John Updike Rallies The Literati
Posted on May 22, 2006
Book Expo was a veritable hotbed of controversy as the technorati and the literati squared off over the issues of technology and copyrights. The issue boils down to this: just because the technology exists for all books to be mashed into a central database, then rearranged and mixed up at will by anyone who feels like it to make a new work (all without either consulting or paying the author a royalty,) should we allow this to happen? Our answer is, of course, a hearty, "Hell, no." And John Updike agrees with us.
"'When Google announced in December 2004 that it would digitally scan the books of five major research libraries to make their contents searchable, the promise of a universal library was resurrected,' " Updike read. He then followed up with later selections that had, he said, "clarified" Kelly's vision: " 'At the same time, once digitized, books can be unraveled into single pages or be reduced further into snippets of a page. These snippets will be remixed into re-ordered books and virtual bookshelves . . . once created, these "bookshelves" will be published and swapped in the public commons. . . . " 'The new model of course is based on the intangible assets of digital bits, where copies are no longer cheap but free.' "Updike said in closing, "So, booksellers, defend your lonely forts. Keep your edges dry. Your edges are our edges. For some of us, books are intrinsic to our human identity."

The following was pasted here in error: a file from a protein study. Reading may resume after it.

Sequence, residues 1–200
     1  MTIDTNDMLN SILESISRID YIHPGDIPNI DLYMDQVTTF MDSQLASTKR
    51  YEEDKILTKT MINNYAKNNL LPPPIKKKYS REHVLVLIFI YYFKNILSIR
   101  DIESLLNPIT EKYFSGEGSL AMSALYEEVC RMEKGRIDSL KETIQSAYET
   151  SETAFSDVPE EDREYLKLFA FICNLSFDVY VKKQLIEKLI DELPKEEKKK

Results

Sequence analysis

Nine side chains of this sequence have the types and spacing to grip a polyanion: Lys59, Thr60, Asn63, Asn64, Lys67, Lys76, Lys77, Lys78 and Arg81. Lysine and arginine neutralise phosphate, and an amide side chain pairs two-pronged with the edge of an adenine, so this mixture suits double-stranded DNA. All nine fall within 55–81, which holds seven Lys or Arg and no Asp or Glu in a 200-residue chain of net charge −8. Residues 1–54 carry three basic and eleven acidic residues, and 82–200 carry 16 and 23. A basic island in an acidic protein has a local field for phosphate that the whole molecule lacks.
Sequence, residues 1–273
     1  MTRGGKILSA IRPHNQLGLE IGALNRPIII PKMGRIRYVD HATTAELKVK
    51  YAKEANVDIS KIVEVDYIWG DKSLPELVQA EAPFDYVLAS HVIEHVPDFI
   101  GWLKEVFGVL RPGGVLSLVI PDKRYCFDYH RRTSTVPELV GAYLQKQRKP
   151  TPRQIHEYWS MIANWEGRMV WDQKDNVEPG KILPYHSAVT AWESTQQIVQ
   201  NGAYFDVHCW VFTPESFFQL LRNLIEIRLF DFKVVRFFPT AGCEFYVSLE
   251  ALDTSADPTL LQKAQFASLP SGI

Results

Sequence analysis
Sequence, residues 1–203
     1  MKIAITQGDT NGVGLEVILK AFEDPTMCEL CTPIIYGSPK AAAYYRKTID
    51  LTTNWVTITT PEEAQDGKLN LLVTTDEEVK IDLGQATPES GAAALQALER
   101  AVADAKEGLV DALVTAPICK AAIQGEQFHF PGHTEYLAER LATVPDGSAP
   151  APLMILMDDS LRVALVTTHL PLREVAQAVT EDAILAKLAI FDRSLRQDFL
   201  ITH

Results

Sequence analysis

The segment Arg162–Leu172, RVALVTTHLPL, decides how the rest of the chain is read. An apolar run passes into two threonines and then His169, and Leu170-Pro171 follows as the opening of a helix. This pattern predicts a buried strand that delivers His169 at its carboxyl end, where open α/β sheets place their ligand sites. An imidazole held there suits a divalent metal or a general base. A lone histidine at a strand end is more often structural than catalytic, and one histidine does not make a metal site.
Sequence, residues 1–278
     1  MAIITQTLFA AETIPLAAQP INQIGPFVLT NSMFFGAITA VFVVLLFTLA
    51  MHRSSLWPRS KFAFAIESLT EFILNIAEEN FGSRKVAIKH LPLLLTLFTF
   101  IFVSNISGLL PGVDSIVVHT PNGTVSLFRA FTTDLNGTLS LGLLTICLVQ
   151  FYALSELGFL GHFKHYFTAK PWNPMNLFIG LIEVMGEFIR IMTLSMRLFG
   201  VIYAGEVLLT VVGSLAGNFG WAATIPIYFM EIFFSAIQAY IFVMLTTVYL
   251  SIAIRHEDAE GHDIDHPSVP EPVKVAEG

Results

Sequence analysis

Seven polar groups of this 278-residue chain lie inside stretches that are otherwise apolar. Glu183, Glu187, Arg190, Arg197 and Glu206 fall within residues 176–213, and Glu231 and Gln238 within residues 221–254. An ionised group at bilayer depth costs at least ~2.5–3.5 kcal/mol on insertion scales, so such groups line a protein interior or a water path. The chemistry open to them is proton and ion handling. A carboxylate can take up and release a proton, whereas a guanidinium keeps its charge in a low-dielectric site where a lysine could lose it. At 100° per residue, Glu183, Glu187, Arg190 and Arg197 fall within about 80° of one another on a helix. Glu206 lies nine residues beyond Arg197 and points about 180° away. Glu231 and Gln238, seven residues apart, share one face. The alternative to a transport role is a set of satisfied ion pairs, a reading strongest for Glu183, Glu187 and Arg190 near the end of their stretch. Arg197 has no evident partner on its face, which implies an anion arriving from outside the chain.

Reading further, Updike noted Kelly's assertion that "copy-protection schemes" are helpless to hold back the technological tide. "Schemes," he repeated sarcastically, drawing a laugh. As his audience well knew, the Association of American Publishers filed suit last year on behalf of five major publishers alleging that Google's library scanning project is a massive and flagrant violation of copyright law.
Updike went on at some length, heaping scorn on Kelly's notion that authors who no longer got paid for copies of their work could profit from it by selling "performances" or "access to the creator." ("Now as I read it, this is a pretty grisly scenario.")
One publishing executive who really gets it is HarperCollins CEO Jane Friedman who said that just because her company allows Google to search her authors' books, doesn't mean that she's going to allow their works to be scanned into some giant database, chopped up at will and distributed without paying her authors royalties. "I'm very bullish on everything digital," she said, but "we are going to control the destiny of our digital files. Right on, Jane.